Richard Lewis was first appointed by the RFL as executive chairman in 2002
Rugby Football League chairman Richard Lewis believes that the sport is in good shape going into the new year despite such worrying economic times.
2011 will prove a key year for the string of clubs waiting on the latest issue of Super League licences.
And others are out simply to avoid the fate of Blackpool and Crusaders, alive again after going into administration.
"This year has been a tough one for many clubs, but we should be excited by what lies ahead in 2011," said Lewis.
"I am confident in the sport's ability to continue to perform strongly in what is proving to be a difficult economic climate."
Gates were down by 10 per cent at the league's showpiece Magic Weekend - now moved from Murrayfield in May to a a season-opening event back at the Millennium Stadium in February.
But the season's two biggest dates, the Challenge Cup Final in front of 85,217 at Wembley in August, and the 71,536 for the Grand Final at Old Trafford in October, were both played out in front of near full houses.
And, although the likes of Harlequins still average less than 3,500 for home Super League matches, the game has been given a notable boost on the attendance front by champions Wigan's return to prominence.
"That some clubs have continued to experience financial problems is a concern," added Lewis, "especially as we approach the next round of licensing.
"But, while there are challenges ahead, I feel sure we can continue to grow both as a sport and as businesses.
"The RFL remains committed to working closely with all clubs to help them realise their potential," added the 56-year-old former British Davis Cup tennis player.
"The TV contract we agreed with Sky Sports last year saw all the Super League clubs receive considerably enhanced distributions in 2010, whilst Co-operative Championship clubs again benefited from substantial disbursements from the governing body."
Attendances generally held up well in Super League too, despite the challenging economic climate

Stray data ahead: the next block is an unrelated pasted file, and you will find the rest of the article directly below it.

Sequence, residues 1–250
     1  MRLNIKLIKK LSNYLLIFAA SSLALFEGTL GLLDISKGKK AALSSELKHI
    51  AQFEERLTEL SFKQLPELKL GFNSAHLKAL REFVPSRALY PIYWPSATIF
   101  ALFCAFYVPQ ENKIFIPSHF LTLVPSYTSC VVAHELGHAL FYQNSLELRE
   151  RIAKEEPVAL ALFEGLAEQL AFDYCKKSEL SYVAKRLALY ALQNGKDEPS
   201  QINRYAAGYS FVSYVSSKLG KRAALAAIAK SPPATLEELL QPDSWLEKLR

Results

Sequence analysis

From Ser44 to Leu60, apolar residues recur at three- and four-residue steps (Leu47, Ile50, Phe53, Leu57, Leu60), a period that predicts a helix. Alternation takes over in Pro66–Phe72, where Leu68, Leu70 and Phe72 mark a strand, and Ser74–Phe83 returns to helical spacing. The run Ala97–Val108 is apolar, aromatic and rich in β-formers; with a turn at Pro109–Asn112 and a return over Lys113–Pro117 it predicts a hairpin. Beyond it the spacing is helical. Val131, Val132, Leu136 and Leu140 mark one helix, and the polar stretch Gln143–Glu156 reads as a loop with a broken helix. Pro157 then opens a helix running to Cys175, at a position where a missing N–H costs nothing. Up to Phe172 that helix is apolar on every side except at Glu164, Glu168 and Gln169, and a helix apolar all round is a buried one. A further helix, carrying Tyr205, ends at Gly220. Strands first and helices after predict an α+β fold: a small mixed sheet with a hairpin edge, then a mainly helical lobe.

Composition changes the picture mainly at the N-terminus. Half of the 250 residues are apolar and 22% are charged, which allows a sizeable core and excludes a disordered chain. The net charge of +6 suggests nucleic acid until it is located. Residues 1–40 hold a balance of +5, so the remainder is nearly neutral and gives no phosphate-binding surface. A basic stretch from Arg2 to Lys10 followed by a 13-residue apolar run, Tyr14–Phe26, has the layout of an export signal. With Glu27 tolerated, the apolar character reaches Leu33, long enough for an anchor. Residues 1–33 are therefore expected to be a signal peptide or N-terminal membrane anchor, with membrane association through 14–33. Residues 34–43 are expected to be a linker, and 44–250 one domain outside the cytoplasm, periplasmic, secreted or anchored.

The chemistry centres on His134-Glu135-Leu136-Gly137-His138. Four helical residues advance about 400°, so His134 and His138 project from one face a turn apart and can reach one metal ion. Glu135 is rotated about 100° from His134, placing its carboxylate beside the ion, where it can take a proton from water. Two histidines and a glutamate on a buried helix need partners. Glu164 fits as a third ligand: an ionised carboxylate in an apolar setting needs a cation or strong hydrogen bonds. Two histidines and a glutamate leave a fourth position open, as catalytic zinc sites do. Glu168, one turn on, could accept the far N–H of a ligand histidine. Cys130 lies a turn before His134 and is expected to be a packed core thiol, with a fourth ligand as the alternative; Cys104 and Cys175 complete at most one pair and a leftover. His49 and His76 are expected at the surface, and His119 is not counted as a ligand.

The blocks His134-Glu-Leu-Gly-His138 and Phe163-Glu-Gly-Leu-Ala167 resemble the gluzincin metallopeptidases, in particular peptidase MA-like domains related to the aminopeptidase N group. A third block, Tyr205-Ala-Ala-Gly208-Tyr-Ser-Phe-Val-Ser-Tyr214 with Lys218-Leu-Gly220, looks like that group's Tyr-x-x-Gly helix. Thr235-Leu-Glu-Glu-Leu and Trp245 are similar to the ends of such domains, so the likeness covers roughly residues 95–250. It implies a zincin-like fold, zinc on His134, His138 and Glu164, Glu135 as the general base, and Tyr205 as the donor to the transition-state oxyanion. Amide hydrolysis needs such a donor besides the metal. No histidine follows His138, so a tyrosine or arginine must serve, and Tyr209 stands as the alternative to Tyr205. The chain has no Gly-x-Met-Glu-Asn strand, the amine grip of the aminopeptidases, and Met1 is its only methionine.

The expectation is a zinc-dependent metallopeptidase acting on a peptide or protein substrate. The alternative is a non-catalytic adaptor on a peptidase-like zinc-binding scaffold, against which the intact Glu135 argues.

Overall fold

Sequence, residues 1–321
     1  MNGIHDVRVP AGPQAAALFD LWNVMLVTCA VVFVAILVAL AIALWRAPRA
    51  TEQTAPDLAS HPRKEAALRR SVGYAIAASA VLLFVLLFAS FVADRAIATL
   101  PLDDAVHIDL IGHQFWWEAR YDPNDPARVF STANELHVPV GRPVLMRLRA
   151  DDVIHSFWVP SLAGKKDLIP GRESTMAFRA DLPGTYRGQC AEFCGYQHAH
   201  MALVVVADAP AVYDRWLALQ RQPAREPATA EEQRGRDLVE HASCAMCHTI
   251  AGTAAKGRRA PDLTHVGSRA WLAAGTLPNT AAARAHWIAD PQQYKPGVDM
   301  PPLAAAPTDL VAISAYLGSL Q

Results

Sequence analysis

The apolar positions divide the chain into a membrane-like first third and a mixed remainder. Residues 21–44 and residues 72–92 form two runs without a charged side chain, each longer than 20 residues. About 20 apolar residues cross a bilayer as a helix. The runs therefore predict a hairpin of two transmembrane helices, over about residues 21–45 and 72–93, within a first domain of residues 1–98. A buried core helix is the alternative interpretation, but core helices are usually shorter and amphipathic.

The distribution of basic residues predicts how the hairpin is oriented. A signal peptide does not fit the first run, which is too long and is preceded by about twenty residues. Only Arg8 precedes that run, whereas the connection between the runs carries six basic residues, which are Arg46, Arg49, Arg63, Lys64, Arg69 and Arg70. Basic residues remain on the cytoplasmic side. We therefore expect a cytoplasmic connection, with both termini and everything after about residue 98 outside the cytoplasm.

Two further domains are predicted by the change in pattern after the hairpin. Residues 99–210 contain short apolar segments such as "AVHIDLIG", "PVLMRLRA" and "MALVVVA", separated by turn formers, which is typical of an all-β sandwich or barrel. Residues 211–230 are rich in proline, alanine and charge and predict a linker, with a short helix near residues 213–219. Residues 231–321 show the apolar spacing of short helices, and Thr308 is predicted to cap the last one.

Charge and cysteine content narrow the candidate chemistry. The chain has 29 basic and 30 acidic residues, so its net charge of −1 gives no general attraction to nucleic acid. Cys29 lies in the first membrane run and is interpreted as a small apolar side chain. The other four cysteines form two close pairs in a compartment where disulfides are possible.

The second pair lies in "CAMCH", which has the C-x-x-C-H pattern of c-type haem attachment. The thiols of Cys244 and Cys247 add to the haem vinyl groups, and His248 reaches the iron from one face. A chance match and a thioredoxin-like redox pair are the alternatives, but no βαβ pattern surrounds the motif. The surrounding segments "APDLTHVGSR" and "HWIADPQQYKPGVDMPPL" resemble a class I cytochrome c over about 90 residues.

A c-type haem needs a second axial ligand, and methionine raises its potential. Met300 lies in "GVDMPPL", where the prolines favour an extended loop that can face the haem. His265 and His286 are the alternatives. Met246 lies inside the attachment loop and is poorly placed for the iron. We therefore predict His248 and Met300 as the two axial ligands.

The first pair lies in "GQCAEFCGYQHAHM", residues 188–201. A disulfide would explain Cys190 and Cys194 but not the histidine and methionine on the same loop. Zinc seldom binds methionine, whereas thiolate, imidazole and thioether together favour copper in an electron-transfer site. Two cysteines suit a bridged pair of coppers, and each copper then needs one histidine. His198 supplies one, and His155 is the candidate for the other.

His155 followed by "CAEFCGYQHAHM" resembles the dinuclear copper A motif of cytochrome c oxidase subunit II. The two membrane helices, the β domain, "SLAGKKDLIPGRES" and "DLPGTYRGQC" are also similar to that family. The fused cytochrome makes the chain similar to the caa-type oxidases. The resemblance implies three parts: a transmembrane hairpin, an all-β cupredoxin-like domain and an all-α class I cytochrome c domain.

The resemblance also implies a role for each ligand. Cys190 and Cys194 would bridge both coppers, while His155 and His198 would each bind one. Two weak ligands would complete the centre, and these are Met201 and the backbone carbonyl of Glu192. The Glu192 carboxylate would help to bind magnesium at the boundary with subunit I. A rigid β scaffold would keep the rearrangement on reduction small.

RFL chairman Richard Lewis
Three of those Championship clubs - Widnes, Halifax and Barrow - will be bidding to become Super League members in 2012.
But, while a decision on which of them gets the franchise is due in March, there are other issues to be decided.
The RFL is still to decide just how many teams will contest Super League XVII in 2012, meaning that there is still uncertainty over the number of relegation places.
And the loss of Championship One side Blackpool could mean a shake-up outside the Super League too.
"In full consultation with all Championship clubs, the RFL is currently conducting a review to establish the optimum structure to organise the sport at this level," added Lewis.
"It is clear that 2011 represents a golden opportunity for the sport to re-examine how it plans to move forward.
"We have an outstanding game played by fantastic athletes who this year played out some wonderfully memorable matches in all competitions.
"Who can forget Batley Bulldogs' thrilling victory in the Northern Rail Cup final or the wonderful fightback Halifax staged to defeat Featherstone Rovers to win the Co-operative Championship Grand Final?
"The capacity crowds at Wembley and Old Trafford for the Carnegie Challenge Cup Final and Engage Super League Grand Final saw two outstanding matches and the challenge now is for the sport to build on that momentum.
"Attendances generally held up well in Super League too, despite the challenging economic climate, although challenges still exist at some Championships clubs."
Two years away from staging the next World Cup over here in 2013, Lewis is equally upbeat on the state of the game at national level - following injury-hit England's failure to do themselves justice in the Four Nations in October.
The 2011 Super League season is due to kick off in Cardiff on 12 February
"Much progress was made internationally in 2010," he said. "And, while England did not win the Four Nations, all the players who participated in that tournament gained valuable experience.
"And, with the successful launch of the England and Wales Rugby League World Cup at MediaCityUK, I am sure everyone will be looking forward with great excitement.
"The success of the England Academy, who defeated the Australian High Schools in their Test series earlier this month, offers hard proof of the hard work below senior level that continues to be undertaken by clubs across the country and bodes well for the national team's prospects.
"And we were delighted that England coach Steve McNamara was able to take up his position in a full-time capacity earlier this year.
"Steve is one of a number of key appointments made by the RFL this year and I believe the organisation and its board are now better equipped than ever before to take the sport forward.
"And our own figures show that, across the country, more people played rugby league in 2010 than ever before, a trend we are sure will continue," he concluded.